• Question: In determining the “greatest public good,” what metrics are they using? Answer: Qualitative and quantitative. Determining what are the categories of public interest at stake. Examining highest market value, geographical constraints, … articulated in strategic plan. Might do a competition with university students (urban planning, transit with livability, etc.)
  • Question:  Is there a railroad siding to the east to serve the Guard property? Answer: might be; let’s look.
  • Questions: Does development have to be in the manufacturing realm? Possible for light manufacturing? Answer: Mix of light industrial, tech industrial, etc. City zoning is an interesting thing. Part of this project is educating ourselves and the agencies involved. What is the economy of manufacturing and ship building today as opposed to the past? Clean energy revolution to take into account, etc.
  • Question: will existing buildings be repurposed? Answer: Not likely. They are old and not suited for it. (Reiterated that no development will happen prior to 2025.)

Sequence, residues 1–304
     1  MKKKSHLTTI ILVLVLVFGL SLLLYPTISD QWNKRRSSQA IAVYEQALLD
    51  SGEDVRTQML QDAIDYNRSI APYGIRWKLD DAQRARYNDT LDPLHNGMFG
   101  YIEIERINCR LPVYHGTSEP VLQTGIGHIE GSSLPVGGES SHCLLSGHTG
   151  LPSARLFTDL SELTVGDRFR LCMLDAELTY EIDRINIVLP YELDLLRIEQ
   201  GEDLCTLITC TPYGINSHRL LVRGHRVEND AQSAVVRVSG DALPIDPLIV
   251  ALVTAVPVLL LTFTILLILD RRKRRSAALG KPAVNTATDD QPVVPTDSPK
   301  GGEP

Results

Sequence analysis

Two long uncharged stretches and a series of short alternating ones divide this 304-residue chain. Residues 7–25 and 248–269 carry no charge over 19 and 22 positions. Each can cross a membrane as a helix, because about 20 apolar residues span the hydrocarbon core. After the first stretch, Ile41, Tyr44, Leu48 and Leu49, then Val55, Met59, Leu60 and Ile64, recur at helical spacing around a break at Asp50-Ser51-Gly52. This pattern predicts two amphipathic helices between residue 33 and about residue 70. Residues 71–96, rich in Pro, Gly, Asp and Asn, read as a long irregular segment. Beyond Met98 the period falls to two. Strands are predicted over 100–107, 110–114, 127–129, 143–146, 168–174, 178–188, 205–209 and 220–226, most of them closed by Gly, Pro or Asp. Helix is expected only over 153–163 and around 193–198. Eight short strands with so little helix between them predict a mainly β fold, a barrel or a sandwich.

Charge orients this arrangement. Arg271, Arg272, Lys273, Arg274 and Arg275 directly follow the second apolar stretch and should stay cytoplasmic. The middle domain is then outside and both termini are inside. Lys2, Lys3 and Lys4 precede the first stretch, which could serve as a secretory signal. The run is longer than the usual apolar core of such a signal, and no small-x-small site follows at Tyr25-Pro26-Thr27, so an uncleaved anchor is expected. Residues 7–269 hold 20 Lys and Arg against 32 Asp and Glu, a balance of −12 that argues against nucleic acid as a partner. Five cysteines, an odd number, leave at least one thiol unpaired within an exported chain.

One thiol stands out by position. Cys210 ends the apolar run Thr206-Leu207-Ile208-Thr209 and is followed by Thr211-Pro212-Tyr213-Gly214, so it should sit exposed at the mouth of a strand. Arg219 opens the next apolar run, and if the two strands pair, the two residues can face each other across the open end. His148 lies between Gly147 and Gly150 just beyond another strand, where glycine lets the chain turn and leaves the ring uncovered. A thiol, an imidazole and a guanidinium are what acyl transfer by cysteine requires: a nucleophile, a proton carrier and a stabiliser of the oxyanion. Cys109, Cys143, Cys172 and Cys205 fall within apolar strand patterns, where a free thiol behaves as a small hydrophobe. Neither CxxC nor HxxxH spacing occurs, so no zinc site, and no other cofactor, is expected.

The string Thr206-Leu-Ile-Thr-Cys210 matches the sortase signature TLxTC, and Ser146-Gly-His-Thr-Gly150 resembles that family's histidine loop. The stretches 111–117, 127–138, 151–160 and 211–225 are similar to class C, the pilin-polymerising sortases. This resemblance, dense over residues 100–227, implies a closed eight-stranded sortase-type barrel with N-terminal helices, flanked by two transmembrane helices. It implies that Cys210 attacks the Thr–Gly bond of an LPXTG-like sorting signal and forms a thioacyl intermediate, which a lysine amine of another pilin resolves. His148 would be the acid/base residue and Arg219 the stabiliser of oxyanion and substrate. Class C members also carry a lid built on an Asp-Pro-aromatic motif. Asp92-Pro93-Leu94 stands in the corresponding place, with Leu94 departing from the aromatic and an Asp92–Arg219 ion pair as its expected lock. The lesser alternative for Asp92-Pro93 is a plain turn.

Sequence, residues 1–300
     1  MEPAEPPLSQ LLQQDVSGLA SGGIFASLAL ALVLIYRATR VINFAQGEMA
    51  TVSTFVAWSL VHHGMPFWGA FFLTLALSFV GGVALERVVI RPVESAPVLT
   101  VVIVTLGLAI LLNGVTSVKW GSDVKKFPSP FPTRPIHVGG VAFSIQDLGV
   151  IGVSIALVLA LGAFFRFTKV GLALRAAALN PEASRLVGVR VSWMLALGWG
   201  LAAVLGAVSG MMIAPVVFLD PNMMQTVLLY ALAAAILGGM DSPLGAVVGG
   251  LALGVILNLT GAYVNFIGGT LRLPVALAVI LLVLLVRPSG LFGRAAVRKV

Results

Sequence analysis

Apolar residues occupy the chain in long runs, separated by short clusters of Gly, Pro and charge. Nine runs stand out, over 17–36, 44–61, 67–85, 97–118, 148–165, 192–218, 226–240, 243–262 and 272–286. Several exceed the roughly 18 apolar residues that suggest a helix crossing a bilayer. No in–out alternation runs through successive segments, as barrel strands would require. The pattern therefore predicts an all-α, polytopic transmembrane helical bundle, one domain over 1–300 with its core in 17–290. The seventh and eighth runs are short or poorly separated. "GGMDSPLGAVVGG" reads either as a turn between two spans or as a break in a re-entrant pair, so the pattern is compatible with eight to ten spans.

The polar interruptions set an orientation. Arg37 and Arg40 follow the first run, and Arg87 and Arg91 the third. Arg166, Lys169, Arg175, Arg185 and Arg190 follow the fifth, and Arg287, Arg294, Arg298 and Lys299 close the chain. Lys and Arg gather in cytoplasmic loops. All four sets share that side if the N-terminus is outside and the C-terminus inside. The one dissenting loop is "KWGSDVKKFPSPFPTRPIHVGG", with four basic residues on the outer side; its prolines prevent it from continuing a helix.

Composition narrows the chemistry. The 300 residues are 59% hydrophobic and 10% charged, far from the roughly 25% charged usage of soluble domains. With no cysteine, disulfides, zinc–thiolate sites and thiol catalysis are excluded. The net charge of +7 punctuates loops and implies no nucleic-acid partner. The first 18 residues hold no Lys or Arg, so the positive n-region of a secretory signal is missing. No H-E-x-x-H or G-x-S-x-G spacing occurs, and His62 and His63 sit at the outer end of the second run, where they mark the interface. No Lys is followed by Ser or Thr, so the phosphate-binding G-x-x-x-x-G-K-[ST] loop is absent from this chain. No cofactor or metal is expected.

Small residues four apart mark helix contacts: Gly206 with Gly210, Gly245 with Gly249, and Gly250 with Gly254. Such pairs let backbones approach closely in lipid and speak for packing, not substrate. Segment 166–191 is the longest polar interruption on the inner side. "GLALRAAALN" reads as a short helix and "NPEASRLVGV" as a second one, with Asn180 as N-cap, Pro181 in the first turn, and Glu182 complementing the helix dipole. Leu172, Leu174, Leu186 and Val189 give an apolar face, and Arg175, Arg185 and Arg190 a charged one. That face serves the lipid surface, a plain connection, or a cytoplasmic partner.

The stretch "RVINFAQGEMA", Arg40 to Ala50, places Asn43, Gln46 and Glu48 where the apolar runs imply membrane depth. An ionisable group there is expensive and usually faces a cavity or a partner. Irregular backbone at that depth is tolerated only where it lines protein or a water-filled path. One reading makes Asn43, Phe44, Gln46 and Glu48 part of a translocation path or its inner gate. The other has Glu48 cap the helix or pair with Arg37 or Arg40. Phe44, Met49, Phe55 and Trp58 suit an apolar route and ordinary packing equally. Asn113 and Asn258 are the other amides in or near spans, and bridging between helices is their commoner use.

The meeting had two additional agenda items:

  • Ballard P Patch –– There was a brief presentation from a member of the group trying to save the Ballard P Patch, located at 25th NW and NW 86th. The property is owned by the adjacent Our Redeemers Lutheran Church, and they have been offered $1.8 mil for the property from a developer, who would build 4 houses in the property. So the P Patch group needs to raise $1.8 mil to purchase the property, from individuals or grants from public or private organizations.
  • Safe Parking Pilot — Lisa Gustaveson, from the City of Seattle Human Services Dept, gave an update on the plan to expand the overnight vehicle parking program in the parking lot at Our Redeemers Church (same church mentioned above for the P Patch project), where it has been operating since 2012. The City and church have agreed to increase the allowed overnight live-in vehicles from 2 to 7. The church allows access to persons in those vehicles to use the restroom and shower facilities inside the church. No drugs or alcohol are allowed. The City will fund an outreach worker from Urban League of Metropolitan Seattle. (Additional links: HSD Launches Mayor Durkan’s Safe Parking Pilot by Supporting Full Utilization of Existing Program and Seeking Faith Community Partners to Expand Services, Car-dwellers in Seattle may soon have parking spots to call their own)